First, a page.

Two recent cases involving charitable organizations underscore that what charities say, and how they say it, can raise the same issues – and scrutiny – as for-profit speech.
Recently, the third-party fundraising platform, PayPal Charitable Giving Fund (PPGF), entered into an Assurance of Voluntary Compliance ("AVC") with twenty-three state attorneys general over its disclosure practices with prospective donors on its giving platform, Cause Hub. PPGF is itself a charity that receives charitable contributions from donors and then makes grants to charities selected by those donors. Selected charities are vetted by PPGF before the distribution occurs; however, in some cases, the donor’s selected charity does not pass PPGF’s vetting requirements. When that occurs, PPGF redirects the charitable funds to a similar charity which has passed PPGF’s vetting process.
Prior to its 2016 giving campaign, PPGF only listed charities on Cause Hub that registered with PPGF, maintained accounts with PayPal, and passed PPGF’s vetting process. However, in 2016, PPGF listed charities on Cause Hub that had not been vetted by PPGF but that were on a list received from Guidestar of 501(c)(3) charitable organizations. PPGF’s addition of these non-vetted charities led a multistate group of state regulators to inquire into PPGF’s fundraising practices. At issue for the regulators was whether PPGF made appropriate disclosures to prospective donors, including the fact that non-vetted charities appeared on Cause Hub and the fact that PPGF could “exercise its variance power” if the intended charities selected by the donors did not ultimately pass PPGF’s vetting process.
Although PPGF did not admit to any wrongdoing, it entered into a settlement that requires it to beef up its disclosures. The AVC requires PPGF to disclose any fees it charges; the expected time frame for the grant to the charities; the right of PPGF to reassign funds to a similar charity and why; whether charities are reviewed for compliance with state charitable registration requirements; and that donors’ contact information will not be shared with charities that do not pass PPGF’s vetting requirements. The AVC also forbids PPGF from implying that donors are directly donating to their chosen charities. Further, all these disclosures must be “unavoidable and prominent,” which is defined in the AVC as “not included in an optional pop up window or on another page accessed by a link on the original page” (emphasis added). Rather, the AVC states that “the information must be located on a page that each and every donor must access prior to donating to PPGF and in a position on that page that is in immediate proximity to a necessary field or button used by each and every donor.” The AVC also imposes ongoing reporting requirements and requires PPGF to donate $200,000 to the National Association of Attorneys General.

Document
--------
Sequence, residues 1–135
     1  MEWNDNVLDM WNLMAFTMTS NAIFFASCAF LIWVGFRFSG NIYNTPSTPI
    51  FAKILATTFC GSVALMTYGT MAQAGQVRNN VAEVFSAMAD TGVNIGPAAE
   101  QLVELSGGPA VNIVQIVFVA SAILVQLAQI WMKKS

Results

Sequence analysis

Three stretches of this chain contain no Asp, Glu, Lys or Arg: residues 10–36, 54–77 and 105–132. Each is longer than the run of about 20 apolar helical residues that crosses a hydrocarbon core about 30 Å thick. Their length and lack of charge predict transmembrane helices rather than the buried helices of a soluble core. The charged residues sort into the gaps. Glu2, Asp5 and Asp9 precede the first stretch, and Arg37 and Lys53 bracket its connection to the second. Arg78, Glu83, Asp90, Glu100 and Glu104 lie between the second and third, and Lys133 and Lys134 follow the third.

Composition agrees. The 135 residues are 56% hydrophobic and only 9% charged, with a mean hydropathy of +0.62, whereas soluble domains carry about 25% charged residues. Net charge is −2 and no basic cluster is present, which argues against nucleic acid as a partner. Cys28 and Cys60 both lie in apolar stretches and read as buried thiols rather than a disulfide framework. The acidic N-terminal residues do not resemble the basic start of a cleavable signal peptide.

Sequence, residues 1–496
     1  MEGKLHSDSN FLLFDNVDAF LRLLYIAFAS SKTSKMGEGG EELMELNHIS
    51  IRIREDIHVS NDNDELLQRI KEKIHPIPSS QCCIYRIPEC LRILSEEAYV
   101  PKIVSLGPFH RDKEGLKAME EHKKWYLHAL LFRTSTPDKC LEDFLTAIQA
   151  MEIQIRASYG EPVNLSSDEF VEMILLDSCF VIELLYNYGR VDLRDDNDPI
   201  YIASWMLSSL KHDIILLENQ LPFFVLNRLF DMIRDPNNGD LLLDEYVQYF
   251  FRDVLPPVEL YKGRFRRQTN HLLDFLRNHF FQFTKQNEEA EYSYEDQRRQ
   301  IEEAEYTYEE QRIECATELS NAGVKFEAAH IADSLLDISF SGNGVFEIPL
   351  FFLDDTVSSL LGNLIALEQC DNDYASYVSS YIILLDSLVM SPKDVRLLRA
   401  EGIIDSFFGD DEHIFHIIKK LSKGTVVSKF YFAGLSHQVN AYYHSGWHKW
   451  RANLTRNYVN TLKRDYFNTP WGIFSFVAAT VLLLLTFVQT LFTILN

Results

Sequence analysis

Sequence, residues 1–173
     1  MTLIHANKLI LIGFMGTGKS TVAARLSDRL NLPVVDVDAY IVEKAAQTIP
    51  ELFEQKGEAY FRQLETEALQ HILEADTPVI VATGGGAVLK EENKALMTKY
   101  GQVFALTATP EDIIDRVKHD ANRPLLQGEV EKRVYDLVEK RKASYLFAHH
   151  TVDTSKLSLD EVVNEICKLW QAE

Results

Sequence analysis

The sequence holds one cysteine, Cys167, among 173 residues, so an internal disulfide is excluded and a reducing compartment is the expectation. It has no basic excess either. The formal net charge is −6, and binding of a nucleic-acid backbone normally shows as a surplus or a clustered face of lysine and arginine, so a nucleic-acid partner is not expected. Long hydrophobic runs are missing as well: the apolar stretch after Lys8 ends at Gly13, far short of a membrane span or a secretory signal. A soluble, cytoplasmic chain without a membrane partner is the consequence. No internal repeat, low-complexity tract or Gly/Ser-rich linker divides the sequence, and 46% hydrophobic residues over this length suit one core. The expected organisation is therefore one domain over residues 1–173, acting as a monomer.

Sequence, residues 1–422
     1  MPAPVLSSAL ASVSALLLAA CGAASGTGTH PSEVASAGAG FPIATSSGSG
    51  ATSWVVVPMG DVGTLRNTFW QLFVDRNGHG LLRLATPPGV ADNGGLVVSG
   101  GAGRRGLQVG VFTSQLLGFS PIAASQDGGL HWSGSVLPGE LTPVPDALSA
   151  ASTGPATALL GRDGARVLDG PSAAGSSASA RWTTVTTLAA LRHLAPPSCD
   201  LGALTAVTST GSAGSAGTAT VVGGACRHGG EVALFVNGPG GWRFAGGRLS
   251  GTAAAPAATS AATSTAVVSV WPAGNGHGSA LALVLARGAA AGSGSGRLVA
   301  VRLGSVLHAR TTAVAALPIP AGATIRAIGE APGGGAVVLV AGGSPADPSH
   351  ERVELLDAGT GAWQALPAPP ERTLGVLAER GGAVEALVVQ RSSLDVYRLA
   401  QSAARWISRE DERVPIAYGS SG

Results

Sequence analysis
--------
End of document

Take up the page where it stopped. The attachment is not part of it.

Separately, the district court for the Southern District of New York recently issued an opinion that a charity’s speech is actionable under the Lanham Act. In Tang, et al. v. Guo, et al., No. 17-cv-9031 (JFK), the plaintiffs alleged that the defendant runs charitable organizations and a media platform designed to compete with plaintiffs' own nonprofit organizations and online media outlet and that the defendant made false and defamatory statements about plaintiffs to drive donors away from plaintiffs' organizations to defendant’s competing organizations.
Although the defendant argued that its speech was not commercial and therefore not subject to the Lanham Act, the court found otherwise, declining to grant defendant’s motion to dismiss. In so holding, the court noted plaintiffs’ allegations in its amended complaint that the defendant added "DONATE" buttons to the video infomercials promoting his media outlets and fundraising organizations and that the defendant intended to increase viewership on its platforms to encourage viewers to donate to organizations that compete with plaintiffs' own nonprofit organizations. The court thus held that plaintiff met the elements of a Lanham Act claim “by plausibly alleging that Plaintiffs and Defendants compete for fundraising dollars, [the defendant’s] false statements were made for the purpose of influencing viewers to donate to his charitable organizations instead of Plaintiffs', and the statements were sufficiently disseminated to the relevant purchasing public by being posted to public forums such as YouTube and Twitter.”
The take-away? Doing good doesn’t obviate the need to do it well.